8. In accordance with Section 3, Paragraph 6 (iv) of the Bylaw, the Board, on March 29, 1989, conducted Site Plan Review relevant to the Scalas' variance application. At this time, the Board also made written recommendations on the application.
9. The Board held a public hearing on the Scalas' variance application on April 4, 1989, which hearing continued to May 2 and 9 of 1989. At the conclusion thereof, the Board voted unanimously to grant the application (See Exhibits No. 1 and 2). The Board's decision, which contains fourteen (14) conditions, was filed with the Georgetown Town Clerk on May 20, 1989 (See Exhibit No. 2).
No landowner possesses a legal right to a variance, Pendergast v. Board of Appeals of Barnstable, 331 Mass. 55 , 559-560 (1954); Guiragossian v. Board of Appeals of Watertown, 21 Mass. App. Ct. 111 , 115 (1985); Gordon v. Zoning Board of Appeals of Lee, 22 Mass. App. Ct. 343 , 349 (1986), and they are to be granted sparingly. Damaskos v. Board of Appeals of Boston, 359 Mass. 55 , 61 (1971).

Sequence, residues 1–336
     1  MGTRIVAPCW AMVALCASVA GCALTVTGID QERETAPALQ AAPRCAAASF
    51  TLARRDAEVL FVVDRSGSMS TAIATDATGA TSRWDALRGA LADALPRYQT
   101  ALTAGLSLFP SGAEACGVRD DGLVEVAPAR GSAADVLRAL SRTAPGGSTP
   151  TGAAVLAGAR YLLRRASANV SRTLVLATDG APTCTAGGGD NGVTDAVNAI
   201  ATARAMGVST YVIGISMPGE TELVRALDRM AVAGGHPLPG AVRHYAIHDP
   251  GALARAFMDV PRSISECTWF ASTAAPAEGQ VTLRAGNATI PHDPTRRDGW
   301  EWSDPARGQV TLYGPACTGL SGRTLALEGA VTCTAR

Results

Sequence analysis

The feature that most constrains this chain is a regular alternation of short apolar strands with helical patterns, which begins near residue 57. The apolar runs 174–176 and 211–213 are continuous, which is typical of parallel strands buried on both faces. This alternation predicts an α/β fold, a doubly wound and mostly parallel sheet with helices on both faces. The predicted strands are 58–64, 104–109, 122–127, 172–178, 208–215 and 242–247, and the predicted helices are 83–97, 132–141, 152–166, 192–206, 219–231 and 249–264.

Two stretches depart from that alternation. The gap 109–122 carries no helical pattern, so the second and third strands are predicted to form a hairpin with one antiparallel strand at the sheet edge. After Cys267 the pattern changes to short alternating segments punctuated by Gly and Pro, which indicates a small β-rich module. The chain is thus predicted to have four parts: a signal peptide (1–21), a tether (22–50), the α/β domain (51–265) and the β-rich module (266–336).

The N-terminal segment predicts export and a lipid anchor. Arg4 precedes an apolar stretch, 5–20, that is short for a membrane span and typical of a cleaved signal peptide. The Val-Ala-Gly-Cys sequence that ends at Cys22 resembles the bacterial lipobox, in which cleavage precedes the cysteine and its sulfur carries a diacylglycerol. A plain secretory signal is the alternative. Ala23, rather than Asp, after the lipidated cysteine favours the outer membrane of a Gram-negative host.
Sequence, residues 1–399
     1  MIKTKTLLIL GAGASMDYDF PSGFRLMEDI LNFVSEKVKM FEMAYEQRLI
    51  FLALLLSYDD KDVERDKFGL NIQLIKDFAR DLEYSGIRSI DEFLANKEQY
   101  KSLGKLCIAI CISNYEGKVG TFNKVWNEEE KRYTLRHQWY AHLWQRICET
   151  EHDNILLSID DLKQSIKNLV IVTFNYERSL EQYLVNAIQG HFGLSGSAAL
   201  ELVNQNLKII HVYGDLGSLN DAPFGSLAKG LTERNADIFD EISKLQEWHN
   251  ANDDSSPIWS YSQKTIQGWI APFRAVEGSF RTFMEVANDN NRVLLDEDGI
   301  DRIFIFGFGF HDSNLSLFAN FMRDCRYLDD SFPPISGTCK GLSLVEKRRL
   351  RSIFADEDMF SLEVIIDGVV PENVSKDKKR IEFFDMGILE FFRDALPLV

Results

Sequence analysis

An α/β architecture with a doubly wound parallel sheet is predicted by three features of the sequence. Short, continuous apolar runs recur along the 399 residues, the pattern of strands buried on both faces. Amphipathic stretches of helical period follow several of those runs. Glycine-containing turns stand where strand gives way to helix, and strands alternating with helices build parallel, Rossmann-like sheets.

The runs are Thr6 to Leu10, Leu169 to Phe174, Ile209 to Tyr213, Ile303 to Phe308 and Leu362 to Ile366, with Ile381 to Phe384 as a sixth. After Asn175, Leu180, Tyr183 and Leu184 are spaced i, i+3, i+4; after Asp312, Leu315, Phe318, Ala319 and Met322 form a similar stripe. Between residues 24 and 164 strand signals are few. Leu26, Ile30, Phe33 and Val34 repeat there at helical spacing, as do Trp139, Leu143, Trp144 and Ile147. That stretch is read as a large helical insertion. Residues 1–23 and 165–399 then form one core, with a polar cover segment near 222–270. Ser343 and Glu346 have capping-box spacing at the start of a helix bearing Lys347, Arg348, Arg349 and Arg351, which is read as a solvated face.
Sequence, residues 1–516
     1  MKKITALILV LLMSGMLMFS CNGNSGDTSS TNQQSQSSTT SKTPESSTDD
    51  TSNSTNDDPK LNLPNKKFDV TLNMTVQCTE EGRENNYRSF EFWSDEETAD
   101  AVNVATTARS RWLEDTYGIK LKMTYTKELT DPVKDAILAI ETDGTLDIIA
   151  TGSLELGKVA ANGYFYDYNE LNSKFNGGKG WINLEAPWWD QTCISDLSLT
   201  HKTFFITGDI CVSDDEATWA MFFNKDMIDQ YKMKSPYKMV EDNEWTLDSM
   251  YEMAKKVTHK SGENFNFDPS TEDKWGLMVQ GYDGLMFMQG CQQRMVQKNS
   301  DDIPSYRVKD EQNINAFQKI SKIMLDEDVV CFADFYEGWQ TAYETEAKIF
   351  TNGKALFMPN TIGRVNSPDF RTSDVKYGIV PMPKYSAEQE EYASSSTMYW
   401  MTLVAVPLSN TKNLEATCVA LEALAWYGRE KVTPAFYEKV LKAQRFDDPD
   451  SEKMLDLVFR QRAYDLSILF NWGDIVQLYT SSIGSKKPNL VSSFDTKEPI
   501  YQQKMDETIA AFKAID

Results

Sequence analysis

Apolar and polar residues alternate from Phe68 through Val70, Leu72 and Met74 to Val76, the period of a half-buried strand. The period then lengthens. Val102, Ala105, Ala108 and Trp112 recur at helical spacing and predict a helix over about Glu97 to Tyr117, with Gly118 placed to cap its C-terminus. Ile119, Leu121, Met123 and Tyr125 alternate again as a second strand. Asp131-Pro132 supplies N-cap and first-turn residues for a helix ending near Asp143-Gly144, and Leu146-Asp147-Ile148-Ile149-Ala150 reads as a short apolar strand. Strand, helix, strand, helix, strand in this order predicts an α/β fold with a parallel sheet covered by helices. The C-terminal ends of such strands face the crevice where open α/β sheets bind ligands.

In variance appeals brought pursuant to G.L. c.40A, §17, the reviewing court hears the matter de novo, makes independent findings of fact and, on the facts so found, determines the legal validity of the Board's decision. Kirkwood v. Board of Appeals of Rockport, 17 Mass. App. Ct. 423 , 427 (1984); Gordon at 348. Pursuant to G.L. c. 40A, §10, the applicant for the variance bears the burden of proving as follows: